a ticket to wherever that big throbby diesel loco is going, please). In theory most inter-city trains in Bulgaria require reservations, but on our first day in the country we’d visited three ticket windows at (the misleadingly named) Sofia Tsentralna station to get a slip of paper which no-one ever asked to see, and after that we didn’t bother, with no objections from anyone. The booking we did get specified a coach and seat, but as far as we could tell the coaches weren’t numbered anyway, so it was all a bit academic.
Road and rail eventually part company, the the gradient steepening as the railway heads off into a wooded valley. A sharp horseshoe curve brings the train to Dolene, a small station amid the trees about 21 km from Septemvri. The passengers spilled out for a wander outside or a cigarette, even though on many Bulgarian trains ‘no smoking’ simply means ‘open a window first’.
Lacking confidence in my ability to decode the dusty timetable on the station wall, I went to ask the guard if there was time for me to take some photos. She made train noises and waived her hands past each other to symbolise that we were waiting to cross another train, and when I waved my camera she said “da while shaking her head, so I knew I had time to wander off up the line to gets some shots. Bulgarians shake their heads for yes and nod for no, something which I’d suspected was either a travel book myth or a tradition which had fallen to globalisation, but I was happy to discover is true. The trick is to always say da or ne as often as possible, and try very hard not to move your head as you speak!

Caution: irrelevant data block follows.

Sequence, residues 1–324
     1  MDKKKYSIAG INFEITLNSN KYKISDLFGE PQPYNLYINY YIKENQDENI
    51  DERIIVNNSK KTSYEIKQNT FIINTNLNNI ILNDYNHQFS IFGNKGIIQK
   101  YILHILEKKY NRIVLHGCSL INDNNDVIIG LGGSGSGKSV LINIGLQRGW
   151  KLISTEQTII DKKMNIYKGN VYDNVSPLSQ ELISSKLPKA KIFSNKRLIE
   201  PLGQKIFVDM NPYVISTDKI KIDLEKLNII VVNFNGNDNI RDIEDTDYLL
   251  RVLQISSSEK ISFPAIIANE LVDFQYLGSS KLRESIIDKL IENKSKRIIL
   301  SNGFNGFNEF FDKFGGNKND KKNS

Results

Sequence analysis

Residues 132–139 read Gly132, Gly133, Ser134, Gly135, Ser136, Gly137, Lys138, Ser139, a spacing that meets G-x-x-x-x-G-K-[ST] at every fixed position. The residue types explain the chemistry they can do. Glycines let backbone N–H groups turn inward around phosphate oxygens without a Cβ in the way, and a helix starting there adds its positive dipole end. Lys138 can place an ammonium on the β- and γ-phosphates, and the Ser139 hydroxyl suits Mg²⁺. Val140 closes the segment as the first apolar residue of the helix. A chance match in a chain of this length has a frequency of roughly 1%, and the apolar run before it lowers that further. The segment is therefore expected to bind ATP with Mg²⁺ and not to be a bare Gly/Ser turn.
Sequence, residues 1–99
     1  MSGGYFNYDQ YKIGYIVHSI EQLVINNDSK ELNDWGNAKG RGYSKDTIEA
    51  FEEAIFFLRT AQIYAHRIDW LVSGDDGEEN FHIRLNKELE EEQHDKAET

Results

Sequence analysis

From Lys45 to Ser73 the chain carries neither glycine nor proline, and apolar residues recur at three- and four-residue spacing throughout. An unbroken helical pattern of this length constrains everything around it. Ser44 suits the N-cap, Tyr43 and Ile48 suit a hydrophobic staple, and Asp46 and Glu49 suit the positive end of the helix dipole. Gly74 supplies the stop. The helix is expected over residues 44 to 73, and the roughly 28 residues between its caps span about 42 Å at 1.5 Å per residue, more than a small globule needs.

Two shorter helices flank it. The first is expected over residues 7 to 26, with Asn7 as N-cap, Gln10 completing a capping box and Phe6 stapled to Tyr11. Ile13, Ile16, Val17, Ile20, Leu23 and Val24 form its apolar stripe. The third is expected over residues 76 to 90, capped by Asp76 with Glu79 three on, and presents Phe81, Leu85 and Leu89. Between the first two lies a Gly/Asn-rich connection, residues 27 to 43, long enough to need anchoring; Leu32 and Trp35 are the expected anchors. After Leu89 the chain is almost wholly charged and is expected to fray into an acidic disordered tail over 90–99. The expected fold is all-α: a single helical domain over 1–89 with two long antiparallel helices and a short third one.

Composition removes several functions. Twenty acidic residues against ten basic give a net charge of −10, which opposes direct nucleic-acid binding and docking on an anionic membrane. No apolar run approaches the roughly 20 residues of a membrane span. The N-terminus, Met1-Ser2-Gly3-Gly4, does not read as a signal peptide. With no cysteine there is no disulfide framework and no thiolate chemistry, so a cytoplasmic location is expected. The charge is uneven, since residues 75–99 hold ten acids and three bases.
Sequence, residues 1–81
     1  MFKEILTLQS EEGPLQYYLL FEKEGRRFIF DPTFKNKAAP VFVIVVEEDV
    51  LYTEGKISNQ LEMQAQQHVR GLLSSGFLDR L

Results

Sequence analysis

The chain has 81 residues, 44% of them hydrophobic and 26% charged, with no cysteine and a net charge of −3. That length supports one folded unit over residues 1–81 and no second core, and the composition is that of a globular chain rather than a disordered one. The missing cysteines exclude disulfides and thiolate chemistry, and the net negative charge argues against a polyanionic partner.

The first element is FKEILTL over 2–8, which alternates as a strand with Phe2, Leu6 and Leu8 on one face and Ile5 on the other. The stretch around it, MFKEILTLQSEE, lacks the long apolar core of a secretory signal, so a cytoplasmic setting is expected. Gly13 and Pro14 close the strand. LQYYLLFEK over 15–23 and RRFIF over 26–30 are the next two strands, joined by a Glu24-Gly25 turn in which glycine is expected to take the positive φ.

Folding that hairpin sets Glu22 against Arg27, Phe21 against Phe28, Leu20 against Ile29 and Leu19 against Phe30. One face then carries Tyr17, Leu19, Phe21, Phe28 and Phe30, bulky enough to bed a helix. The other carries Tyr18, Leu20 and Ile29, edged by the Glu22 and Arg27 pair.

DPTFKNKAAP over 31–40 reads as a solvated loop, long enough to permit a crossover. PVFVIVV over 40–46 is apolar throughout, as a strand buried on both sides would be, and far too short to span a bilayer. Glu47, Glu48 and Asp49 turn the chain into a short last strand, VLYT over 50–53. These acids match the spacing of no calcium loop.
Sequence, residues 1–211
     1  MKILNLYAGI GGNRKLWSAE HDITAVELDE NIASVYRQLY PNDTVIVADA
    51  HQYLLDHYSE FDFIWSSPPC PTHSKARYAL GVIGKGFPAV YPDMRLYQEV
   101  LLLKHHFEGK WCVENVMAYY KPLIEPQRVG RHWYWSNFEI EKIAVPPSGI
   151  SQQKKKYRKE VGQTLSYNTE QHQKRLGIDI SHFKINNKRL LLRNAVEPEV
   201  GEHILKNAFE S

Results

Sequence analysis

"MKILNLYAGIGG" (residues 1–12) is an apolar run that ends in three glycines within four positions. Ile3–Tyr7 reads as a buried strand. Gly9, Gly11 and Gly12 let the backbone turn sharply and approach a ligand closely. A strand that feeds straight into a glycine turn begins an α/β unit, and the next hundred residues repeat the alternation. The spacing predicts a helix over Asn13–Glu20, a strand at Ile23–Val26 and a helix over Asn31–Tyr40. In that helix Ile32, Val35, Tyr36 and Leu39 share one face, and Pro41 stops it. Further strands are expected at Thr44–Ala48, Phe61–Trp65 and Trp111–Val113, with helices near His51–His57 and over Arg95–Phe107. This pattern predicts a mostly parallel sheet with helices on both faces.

While the uphill train sits at Dolene for about 11 minutes, the downhill makes brief 2 minute stop, and the passengers waved to each other as they passed, a group of kids being particularly keen to ensure they were included in our photos. The other train was hauled by one of the 10 B-B diesel-hydraulic locomotives which were ordered from Henschel in Germany to replace steam in 1965. Attractive machines, they are based on a metre gauge design supplied to Spain, Thailand and Togo.
Our train was pulled by a similar but Romanian-built Class 77 loco. These were built by the 23 August factory in Bucharest in 1988 as an improved version of its Class 76 locos, which had suffered from various problems and are now all withdrawn. Following a drop in freight traffic five of the Class 77 locos were sold to the Rio Turbio Railway in Argentinaix
Climbing the side of the valley, the Septemvri-bound train is occasionally visible between the trees in the valley below.
The spa town of Velingrad boasts 80 hot springs with waters to cure all kinds of ailments, as well as a large station where many passengers got on or off. The abandoned goods yard has an assortment of derelict open, van and flat wagons cluttering the sidings, along with an almost comic-looking 760mm gauge Plasser tramper.
One of the passengers boarding at Velingrad was a retired teacher of German, who gave us a commentary on the next stretch of the line, opened from Velingrad over the Rhodope ridge to Jakoruda in 1937. He’d hoped we were German so he could chat to us, but unfortunately my German is much too limited, and all we really understood was that there was a chance of seeing some eagles on the cliffs high above the line.
Many of the stations are excessively substantial for today’s traffic, and the train almost emptied at Cvetino, where we passed another downhill train. The diminutive guard clambered up on a radiator to be able to lean out the window and wave her flag, and then we left for a further section of river gorge, passing between the Rhodope and Rila mountains though countryside once frequented by Orpheus, of underworld fame.